FW: Part IV Zionists And/As Nazis

Craven, Jim jcraven at clark.edu
Mon Apr 15 08:13:16 MDT 2002


>From Tom Segev "The Seventh Million: Israelis and the Holocaust"

"Senator [Werner Senator of the Jewish Agency] who was active in bringing
German Jews to Palestine, warned the Jewish Agency office in Berlin that if
it did not improve the quality of the 'human material' it was sending, the
agency was liable to cut back the number of certificates set aside for the
German capital. The immigrants from Germany enjoyed all sorts of special
benefits, Senator wrote. They received immigration certificates after only
six months of agricultural training, while in other countries up to two
years was required. Requests for family reunification from Germans with
relatives in Palestine were also quickly approved. All this required special
attention to the quality of immigrants, who should be true pioneers. Senator
was not referring to occasional errors in judgment, he assured his
colleagues; he was talking about a trend. More and more '
 ' welfare cases' were arriving from Germany, as well as too many
'businessmen with children' rather than single men and women.
  At one point it was decided that candidates above the age of thirty-five
would receive immigration certificates
 'only if there is no reason to believe that they might become a burden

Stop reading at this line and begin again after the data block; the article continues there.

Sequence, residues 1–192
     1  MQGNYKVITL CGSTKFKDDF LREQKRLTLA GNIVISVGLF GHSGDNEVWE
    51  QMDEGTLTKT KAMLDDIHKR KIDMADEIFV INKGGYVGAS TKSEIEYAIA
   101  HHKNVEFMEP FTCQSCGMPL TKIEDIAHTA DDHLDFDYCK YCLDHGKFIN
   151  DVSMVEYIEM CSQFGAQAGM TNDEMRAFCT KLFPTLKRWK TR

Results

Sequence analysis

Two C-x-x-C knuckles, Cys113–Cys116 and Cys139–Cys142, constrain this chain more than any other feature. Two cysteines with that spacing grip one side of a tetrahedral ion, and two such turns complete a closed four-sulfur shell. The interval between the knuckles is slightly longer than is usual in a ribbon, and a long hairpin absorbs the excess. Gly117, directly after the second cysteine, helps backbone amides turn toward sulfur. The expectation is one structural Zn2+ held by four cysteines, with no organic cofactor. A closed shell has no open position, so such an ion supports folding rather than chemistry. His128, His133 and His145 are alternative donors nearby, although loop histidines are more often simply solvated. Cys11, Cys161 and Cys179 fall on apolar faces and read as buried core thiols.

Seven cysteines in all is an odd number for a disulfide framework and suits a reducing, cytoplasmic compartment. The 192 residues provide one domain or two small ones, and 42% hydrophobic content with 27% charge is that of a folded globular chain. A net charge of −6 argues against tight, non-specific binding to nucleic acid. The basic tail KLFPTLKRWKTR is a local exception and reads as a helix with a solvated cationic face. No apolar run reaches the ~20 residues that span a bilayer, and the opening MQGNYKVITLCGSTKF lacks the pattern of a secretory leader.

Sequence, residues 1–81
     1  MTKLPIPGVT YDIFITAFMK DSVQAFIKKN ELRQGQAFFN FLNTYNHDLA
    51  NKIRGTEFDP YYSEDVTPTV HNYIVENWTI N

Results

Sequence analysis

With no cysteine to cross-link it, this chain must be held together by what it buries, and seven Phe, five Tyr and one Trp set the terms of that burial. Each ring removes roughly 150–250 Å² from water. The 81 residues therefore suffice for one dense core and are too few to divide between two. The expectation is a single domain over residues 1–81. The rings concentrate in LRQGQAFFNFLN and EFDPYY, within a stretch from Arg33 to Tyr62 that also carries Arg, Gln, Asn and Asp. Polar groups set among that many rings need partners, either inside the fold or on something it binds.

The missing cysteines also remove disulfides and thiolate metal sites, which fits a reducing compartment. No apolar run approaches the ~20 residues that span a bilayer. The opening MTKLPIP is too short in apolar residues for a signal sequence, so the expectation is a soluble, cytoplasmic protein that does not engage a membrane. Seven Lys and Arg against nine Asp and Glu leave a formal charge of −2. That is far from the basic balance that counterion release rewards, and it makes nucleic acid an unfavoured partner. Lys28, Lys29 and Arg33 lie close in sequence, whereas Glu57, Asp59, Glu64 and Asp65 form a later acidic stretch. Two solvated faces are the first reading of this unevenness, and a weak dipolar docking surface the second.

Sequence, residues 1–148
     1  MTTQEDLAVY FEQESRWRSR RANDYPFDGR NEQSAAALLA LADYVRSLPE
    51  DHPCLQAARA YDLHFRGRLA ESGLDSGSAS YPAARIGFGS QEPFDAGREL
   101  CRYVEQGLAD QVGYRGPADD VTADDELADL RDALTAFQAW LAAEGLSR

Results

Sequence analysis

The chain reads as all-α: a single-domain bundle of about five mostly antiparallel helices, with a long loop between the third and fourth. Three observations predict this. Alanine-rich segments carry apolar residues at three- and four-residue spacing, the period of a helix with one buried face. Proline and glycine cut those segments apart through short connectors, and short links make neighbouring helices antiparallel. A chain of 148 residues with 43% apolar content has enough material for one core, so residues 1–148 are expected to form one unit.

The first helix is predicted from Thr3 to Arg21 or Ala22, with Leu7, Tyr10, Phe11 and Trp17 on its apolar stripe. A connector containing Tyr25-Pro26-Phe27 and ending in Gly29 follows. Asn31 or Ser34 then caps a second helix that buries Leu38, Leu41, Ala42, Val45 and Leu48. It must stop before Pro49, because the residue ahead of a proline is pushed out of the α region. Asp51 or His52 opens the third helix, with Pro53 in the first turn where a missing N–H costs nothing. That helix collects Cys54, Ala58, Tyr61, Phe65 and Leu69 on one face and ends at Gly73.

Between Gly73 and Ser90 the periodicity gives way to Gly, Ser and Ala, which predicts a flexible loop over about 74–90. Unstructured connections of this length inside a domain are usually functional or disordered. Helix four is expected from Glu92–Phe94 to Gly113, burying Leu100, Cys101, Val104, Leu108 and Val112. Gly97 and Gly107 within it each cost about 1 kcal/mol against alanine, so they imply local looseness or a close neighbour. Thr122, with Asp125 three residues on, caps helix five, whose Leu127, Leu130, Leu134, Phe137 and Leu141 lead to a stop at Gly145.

here.' Accordingly they had to have a profession. 'Anyone who was a
merchant', the decision stated, or of similar employment, will not receive a
certificate under any circumstances, except in the case of veteran
Zionists.' This was in 1935. ' In days of plenty, it was possible to handle
this material [emphasis added]' , explained Yitzhak Gruenbaum. 'In days of
shortages and unemployment, this material [emphasis added] will cause us
many problems...We must be allowed to choose from among the refugees those
worthy of immigration and not accept them all.' " (p. 44)

Footnote: "In 1939 the world press followed the drama of the St Louis, a
boat carrying several hundred Jewish refugees from Germany.  No country
would give them asylum. The Joint Distribution Committee asked the Jewish
Agency to allot the passengers several hundred immigration certificates from
the quota. The Jewish Agency refused. In the end the refugees were allowed
into Antwerp. [note where many were exterminated after the takeover of
Belgium by the Nazis.]. (p. 44)

" German Jews who were given immigration permits 'merely as refugees' were
also considered 'undesirable human material' by Eliahu Dobkin, a Mapai
member of the Jewish Agency executive. 'I understand very well the special
situation in which the overseas institutions dealing with German refugees
find themselves, but I would like to believe that you would agree with me
that we must approach this question not from a philanthropic point of view
but from the point of view of the country's needs', Dobkin wrote to one of
his colleagues. 'My opinion is that from among the refugees we must bring
only those who meet this condition.' Leaders of the German immigrants
agreed. 'As I see it, 90 percent of them are not indispensible here', one of
them wrote to another." (pp 44-45)

"It was an incomparably cruel reality: every Jew who received an immigration
certificate during those years lived in Palestine knowing that some other
Jew who had not received that certificate had been murdered. This was the
basis for the sense of guilt that would later trouble so many Israelis who
escaped the Holocaust." (p 45)

to be continued...

Jim C

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